05 Feb Tackling Inequality in the EU: The New Foundation for a Green and Social Europe
[Fernanda G. Nicola is a Professor of Law at the American University Washington College of Law, the Director of the Program on International Organizations, Law and Diplomacy, and Permanent Visiting Professor at iCourts, University of Copenhagen.]
Europe is in turmoil, with European Union leaders struggling to respond to the political and economic fall out of the no-deal Brexit, the threat of another financial crisis and various political fissures exposed by immigration and Yellow vests protests. So far, the nativist right wing has best exploited these dynamics on both sides of the Atlantic. Right-wing populists in Austria, Italy, Germany, Hungary, and Poland have all argued that European integration has undermined national sovereignty while mainly advancing the economic interests of transnational elites.
The populists have found a ready electoral audience in part because European integration has had very uneven effects. The winners have included poorer Eastern Europeans as well as financiers in London, Frankfurt, Paris, and New York. The losers have included working- and middle-classes in many wealthier countries. But the Euro-populists misdiagnose the problem: integration itself is not to blame. Rather, the fault lies with the structure of the European Union’s basic institutions. Indeed, there is a viable egalitarian and democratic path forward, one that combines greater integration with robust social protection, not to mention ecological justice.
To understand, some history will be helpful. The entire E.U. project was an effort to ensure economic stability and social harmony in Europe, but tensions between national sovereignty and integration has been there since the beginning. The E.U.’s foundations lay in the creation of the European Coal and Steal Community in 1952, in which France and Germany bound their national economies together in order to prevent another outbreak of war. The aspirational project of European integration has encountered important setback and resistance creating all types of quasi-federal institutional arrangements from the 1987 Single European Act, laying the foundation of the Single Market, to Maastricht in 1992 creating the “ever closer” Union finalizing the Economic and Monetary Union. After each attainment, a new form of cooperation based on the principle of subsidiarity resulted in expanding the competences of the Union while at the same time preserving national sovereignties through new forms of collaboration between the EU and its institutions with national courts, agencies and parliaments to preserve the precious balance summarized by its motto: “united in diversity”.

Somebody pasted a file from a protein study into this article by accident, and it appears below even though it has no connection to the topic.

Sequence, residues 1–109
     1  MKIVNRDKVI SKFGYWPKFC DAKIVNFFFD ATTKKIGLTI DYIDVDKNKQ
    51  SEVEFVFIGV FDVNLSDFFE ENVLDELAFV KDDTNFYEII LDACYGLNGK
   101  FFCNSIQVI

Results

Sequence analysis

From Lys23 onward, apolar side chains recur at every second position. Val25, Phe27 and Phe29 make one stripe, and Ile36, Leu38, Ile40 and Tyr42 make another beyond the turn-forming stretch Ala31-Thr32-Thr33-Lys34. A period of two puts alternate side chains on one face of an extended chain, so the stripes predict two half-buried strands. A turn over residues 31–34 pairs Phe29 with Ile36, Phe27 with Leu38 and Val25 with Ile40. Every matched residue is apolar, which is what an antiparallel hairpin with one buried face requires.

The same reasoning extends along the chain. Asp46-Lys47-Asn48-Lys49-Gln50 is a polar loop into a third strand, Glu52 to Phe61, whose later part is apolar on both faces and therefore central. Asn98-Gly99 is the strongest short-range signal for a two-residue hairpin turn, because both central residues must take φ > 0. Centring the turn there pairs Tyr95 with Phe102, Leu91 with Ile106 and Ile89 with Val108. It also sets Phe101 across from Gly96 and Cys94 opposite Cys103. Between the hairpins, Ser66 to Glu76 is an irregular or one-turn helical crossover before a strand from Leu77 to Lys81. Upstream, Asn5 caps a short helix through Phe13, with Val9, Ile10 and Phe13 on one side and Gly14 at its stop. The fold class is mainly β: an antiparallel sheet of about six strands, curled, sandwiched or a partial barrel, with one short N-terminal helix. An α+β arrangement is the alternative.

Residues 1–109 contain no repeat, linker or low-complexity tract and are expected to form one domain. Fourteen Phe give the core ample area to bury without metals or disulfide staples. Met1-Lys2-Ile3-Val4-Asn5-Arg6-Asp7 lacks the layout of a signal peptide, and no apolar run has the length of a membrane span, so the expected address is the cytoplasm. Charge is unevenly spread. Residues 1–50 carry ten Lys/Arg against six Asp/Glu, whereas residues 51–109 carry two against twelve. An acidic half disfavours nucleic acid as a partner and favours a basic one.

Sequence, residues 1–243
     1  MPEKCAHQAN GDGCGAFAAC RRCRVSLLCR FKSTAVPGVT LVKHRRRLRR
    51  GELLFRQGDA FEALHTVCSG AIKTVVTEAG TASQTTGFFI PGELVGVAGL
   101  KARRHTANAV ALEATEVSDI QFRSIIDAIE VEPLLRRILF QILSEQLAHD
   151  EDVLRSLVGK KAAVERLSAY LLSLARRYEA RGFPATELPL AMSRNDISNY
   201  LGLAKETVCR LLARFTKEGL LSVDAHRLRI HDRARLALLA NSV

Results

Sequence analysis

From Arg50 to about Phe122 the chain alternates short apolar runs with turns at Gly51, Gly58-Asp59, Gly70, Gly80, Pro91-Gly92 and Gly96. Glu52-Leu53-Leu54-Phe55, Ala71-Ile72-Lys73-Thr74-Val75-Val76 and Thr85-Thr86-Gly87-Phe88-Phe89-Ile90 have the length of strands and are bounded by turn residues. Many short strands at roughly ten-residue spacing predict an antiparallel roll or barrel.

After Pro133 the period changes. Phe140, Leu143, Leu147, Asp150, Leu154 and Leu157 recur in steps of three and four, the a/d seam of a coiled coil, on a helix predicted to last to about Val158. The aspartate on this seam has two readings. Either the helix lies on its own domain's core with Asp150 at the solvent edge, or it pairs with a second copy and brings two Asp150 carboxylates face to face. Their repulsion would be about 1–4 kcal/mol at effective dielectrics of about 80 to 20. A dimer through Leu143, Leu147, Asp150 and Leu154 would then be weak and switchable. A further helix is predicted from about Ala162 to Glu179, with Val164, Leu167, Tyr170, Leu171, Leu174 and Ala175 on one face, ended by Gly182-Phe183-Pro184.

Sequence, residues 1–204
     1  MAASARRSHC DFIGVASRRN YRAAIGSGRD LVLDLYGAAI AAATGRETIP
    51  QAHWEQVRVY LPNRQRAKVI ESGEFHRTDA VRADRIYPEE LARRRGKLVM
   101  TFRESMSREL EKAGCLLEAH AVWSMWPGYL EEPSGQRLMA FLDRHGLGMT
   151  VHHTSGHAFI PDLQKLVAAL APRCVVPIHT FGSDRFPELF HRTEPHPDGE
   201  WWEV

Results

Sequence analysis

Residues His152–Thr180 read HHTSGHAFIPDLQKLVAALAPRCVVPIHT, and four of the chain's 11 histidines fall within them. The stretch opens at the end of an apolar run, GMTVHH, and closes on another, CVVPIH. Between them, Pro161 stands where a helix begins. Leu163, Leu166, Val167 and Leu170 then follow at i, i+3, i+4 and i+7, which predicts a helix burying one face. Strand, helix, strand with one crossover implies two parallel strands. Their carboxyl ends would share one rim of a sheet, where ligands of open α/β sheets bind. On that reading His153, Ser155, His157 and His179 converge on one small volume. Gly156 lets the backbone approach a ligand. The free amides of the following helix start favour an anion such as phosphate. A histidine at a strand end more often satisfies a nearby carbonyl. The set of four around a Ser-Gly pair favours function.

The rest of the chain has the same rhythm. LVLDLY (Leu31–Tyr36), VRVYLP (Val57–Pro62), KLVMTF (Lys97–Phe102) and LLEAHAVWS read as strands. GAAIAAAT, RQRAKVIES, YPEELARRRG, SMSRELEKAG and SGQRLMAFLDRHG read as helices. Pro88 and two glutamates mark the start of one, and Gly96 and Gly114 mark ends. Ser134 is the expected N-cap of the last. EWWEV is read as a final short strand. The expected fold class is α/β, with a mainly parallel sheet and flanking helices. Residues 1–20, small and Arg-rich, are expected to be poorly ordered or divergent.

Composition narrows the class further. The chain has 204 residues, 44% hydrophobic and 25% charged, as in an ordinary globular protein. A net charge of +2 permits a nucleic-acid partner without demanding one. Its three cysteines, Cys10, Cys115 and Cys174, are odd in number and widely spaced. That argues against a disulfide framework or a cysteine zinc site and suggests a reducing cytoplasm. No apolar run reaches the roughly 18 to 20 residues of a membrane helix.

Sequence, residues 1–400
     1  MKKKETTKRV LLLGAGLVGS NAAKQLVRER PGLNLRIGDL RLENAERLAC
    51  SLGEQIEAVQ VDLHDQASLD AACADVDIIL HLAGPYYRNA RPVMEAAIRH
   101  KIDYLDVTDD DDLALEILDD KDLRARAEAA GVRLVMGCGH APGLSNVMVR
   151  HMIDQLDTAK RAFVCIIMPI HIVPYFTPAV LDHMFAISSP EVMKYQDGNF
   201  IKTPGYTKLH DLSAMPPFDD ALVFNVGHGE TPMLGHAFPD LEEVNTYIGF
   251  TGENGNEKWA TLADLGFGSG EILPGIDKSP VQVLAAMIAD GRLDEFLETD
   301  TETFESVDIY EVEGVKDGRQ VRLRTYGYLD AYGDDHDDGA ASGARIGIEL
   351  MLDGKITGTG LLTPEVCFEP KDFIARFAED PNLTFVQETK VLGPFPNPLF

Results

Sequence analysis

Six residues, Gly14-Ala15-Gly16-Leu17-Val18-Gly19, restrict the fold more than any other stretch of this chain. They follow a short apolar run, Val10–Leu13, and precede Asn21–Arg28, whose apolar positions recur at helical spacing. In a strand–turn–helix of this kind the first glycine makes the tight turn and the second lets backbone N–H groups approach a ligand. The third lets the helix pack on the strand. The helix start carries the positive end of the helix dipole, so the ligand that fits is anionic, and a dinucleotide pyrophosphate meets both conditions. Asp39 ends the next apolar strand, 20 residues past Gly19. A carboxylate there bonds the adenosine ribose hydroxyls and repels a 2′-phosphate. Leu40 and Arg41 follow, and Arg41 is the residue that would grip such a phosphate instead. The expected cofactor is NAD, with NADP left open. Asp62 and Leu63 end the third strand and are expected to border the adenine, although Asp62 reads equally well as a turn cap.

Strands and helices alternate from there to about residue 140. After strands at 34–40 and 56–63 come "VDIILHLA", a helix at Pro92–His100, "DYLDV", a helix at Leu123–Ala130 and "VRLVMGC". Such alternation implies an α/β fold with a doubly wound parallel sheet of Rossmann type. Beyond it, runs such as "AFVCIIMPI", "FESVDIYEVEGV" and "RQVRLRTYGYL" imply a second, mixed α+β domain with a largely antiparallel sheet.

But in recent decades the Union has instead encouraged the retrenchment of domestic welfare states, often emphasizing economic liberties and economic integration over social protections. The Court of Justice pushed this process along, most famously in its Viking-Laval quartet, which made it much more difficult for trade unions to establish binding national-level standards and restricted workers’ rights to strike. Unlike in the U.S., Europe adopted a single currency without a unified fiscal policy, leaving European policymakers with limited powers to redistribute resources between member states, much less within member states. And the European Commission—which serves as the Union’s bureaucratic and administrative arm—missed a chance to address such issues in a recent “White Paper on the Future of Europe.” That document offered five future scenarios but focused mainly on the Single Market, not on social protections.